Tuesday, February 5, 2008

Dark Days Challenge Report

Last week I broke in my new all-clad pan by cooking the chuck roast (actually a chuck blade steak, I think) with some local onions and carrots, along with a couple of non-local celery tops. I shredded the beef into a gravy (made from the cooking liquid) and added the onions and carrots back in. To go along with it I cooked the last of the Brussels sprouts (pan fried with some leeks) and colcannon. Colcannon is an Irish dish which is perfect for the fall/winter larder. It's a combination of a leafy green vegetable with potatoes. My version contains cabbage and leeks. I cubed some red skin potatoes and cooked them in a pot of water. Toward the end of the cooking time I added a couple of tablespoons of chopped leeks (which had been frozen raw) and about a quarter head of green cabbage (which was blanched and frozen.) The cooked veggies were tossed with a bit of butter and a generous helping of something that was almost, but not quite, homemade butter.

I'd read about making homemade butter with the shaker method (you literally shake cream in an oversized jar until it turns into butter and the liquid separates out.) I couldn't find local cream so I made do with organic (which contained carrageenen - all the brands had it.) I don't know if that was the problem, but the liquid never separated. I ended up with a fluffy spread that tasted like butter but was somewhere between whipped cream and butter. It was fantastic in the colcannon and really great on scones (made with 1/2 local wheat flour, local milk and butter.) Next time I try the butter experiment I am using the kitchenaid.

Tonight's dinner (the dark days meal for this week) featured a roast chicken from Speckled Hen farms, white corn and butter, green beans with shallots, acorn squash with maple sugar and butter, and not very local stuffing (from a bag on the shelf.) Of course I made gravy from the drippings, and heated up the last of the colcannon to serve with it. For dessert I ransacked the fridge and cooked up the most pathetic of the apples (bought in the fall) into a very tasty applesauce. I'd be hard pressed to tell you what varieties went into it, but it came out quite well.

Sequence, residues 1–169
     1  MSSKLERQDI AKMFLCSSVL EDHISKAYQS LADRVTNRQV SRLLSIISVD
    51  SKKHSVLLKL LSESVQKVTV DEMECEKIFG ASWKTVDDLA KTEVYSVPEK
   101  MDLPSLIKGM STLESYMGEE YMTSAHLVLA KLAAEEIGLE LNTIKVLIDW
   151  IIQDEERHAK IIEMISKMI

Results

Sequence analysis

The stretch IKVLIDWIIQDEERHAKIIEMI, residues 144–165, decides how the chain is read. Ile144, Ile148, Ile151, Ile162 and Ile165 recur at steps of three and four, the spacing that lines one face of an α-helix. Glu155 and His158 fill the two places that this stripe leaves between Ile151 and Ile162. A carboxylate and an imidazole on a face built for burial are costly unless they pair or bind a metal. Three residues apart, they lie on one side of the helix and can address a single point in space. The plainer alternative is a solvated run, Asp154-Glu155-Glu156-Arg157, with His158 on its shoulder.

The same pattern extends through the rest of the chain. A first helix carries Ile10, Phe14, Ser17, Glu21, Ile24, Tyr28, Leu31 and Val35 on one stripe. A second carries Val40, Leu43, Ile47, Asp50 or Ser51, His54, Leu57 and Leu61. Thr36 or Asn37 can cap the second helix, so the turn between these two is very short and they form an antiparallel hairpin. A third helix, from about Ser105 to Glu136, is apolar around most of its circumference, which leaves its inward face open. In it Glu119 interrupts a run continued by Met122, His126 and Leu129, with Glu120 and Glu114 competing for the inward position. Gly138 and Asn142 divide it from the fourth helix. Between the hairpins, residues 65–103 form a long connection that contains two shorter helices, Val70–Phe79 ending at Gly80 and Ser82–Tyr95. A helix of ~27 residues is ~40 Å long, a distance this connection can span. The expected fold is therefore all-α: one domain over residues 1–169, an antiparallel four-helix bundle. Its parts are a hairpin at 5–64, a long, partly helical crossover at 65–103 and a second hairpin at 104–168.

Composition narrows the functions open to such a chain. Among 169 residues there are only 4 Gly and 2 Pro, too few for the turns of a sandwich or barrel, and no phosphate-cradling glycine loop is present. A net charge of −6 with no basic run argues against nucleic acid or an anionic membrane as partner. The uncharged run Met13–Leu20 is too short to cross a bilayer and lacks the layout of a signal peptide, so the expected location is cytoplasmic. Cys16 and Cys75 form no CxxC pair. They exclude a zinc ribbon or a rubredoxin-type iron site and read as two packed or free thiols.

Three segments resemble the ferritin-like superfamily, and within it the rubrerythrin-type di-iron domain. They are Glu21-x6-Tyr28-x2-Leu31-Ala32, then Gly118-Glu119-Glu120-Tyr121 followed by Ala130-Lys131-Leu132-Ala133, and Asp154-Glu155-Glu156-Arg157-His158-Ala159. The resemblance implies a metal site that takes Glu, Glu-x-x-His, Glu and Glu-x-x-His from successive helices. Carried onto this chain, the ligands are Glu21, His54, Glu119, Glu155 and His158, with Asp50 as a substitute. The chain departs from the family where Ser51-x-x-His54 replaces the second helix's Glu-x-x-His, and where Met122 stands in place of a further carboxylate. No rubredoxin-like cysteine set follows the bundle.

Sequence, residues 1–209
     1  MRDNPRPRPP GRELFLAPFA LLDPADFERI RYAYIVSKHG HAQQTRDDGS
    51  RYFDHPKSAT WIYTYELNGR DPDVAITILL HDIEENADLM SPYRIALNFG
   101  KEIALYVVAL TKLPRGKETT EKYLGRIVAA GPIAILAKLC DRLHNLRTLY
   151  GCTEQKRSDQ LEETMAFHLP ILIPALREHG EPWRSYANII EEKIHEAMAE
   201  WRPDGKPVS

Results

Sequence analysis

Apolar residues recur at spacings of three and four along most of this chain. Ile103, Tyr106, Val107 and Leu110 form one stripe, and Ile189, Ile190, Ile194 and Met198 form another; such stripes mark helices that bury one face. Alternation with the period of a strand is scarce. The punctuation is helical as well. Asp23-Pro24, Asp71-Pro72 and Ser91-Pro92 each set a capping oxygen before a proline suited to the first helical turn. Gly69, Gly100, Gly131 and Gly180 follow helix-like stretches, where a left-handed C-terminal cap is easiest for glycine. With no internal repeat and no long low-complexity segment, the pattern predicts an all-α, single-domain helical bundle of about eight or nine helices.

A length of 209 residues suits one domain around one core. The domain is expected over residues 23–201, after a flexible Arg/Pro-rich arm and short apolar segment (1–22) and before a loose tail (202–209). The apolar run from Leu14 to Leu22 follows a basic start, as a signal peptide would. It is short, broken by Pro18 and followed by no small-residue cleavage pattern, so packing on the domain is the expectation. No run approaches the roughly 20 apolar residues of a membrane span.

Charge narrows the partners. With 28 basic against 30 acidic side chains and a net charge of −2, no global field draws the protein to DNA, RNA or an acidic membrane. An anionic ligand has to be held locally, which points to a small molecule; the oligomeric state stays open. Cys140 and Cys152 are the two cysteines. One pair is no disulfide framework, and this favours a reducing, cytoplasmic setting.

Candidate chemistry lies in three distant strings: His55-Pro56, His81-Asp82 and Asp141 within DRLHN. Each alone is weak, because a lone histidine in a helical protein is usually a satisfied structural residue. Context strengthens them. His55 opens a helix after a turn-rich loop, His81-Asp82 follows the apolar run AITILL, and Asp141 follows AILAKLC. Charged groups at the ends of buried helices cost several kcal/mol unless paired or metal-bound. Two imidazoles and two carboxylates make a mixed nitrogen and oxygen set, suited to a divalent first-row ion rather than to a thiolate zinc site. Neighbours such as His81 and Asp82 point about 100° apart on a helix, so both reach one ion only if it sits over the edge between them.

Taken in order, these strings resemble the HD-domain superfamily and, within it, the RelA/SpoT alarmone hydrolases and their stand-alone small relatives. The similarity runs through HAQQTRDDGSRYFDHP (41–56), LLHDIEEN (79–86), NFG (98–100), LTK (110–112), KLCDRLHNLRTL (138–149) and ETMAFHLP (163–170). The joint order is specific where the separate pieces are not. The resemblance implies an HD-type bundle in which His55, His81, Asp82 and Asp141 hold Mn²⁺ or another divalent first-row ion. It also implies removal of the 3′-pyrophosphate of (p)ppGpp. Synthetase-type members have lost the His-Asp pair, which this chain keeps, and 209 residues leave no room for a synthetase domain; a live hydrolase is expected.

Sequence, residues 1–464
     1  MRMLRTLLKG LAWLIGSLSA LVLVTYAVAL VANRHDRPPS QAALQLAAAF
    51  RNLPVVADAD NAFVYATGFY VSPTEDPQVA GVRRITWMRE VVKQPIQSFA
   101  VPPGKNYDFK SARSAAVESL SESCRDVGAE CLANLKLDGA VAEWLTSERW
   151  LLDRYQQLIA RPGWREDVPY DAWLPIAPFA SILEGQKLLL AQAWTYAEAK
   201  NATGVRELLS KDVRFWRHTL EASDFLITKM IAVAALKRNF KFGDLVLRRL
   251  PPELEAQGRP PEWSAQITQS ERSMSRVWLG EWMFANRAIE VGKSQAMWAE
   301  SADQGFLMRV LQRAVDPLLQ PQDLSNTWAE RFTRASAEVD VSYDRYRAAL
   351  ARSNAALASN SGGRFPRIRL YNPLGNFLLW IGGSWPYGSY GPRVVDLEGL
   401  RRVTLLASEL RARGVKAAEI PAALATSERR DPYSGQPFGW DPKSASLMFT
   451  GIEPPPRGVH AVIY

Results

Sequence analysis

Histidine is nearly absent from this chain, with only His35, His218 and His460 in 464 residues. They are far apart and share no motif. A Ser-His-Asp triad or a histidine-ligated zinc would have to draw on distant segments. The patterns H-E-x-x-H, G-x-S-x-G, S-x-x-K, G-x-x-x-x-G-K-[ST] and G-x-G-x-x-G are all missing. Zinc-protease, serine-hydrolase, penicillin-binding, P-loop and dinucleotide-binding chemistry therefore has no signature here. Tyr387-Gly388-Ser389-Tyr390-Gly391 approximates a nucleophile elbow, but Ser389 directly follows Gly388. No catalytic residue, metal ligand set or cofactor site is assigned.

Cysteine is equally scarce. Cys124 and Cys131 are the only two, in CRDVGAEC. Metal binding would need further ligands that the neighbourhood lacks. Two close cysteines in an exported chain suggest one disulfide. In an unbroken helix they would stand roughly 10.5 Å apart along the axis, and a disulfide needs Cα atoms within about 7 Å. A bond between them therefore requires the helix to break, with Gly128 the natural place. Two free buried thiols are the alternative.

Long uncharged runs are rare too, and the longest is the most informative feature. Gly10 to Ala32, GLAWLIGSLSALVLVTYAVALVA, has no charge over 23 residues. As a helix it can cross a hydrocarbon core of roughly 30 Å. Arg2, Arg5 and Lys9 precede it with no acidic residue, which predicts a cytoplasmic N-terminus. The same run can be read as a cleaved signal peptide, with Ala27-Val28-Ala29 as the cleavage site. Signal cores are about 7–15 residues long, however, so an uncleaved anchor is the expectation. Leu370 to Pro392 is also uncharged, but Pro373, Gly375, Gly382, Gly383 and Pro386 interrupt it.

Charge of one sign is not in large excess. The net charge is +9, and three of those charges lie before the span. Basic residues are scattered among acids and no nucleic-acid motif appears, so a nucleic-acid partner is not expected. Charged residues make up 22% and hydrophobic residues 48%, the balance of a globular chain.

Non-local ingredients were salt, pepper, cinnamon, stuffing mix, and celery.

I'm down to my last onion again. I hope I can find some at the market this weekend. I've lost a number of squash to mold (must try freezing some cooked squash next year, and remember to check the squash cupboard every week or two.) The veggies in the root cellar have sprouted like crazy, but they seem to be surviving okay (though the turnips feel a little squishy.) There's still a few apples in the fridge and in storage. There are a few small shallots left, but they are rather dry. There's plenty more corn and a few more packages of green beans, edamame, and cabbage in the freezer. I also have a ton of tomatoes that I froze whole. They become extremely soft when defrosted; I used a few in soup but will probably try to make marina sauce with the rest. I'm down to my last pint of marina sauce in the freezer. There are a TON of frozen strawberries; other than smoothies I'm not sure what to do with them. (Any suggestions?)

Note to self for next market season: please cut and freeze onions during the summer, to avoid the late winter onion panic.


Alyssa said...

The problem with your butter was likely that the cream was ultrapasteurized and homogenized. This changes the milk proteins so that they don't form the way they normally do. You probably need either raw milk OR buy hartzler's milk, separate out your own cream and try it that way. (see the book nourishing traditions for more info).

Anne said...

Thank you for the advice! I was wondering if I could skim the cream off the Harztler's milk for this, so I think I will give that a shot! I wish I could find a local herdshare for raw milk (it's the only way to get it in Ohio, as far as I know.)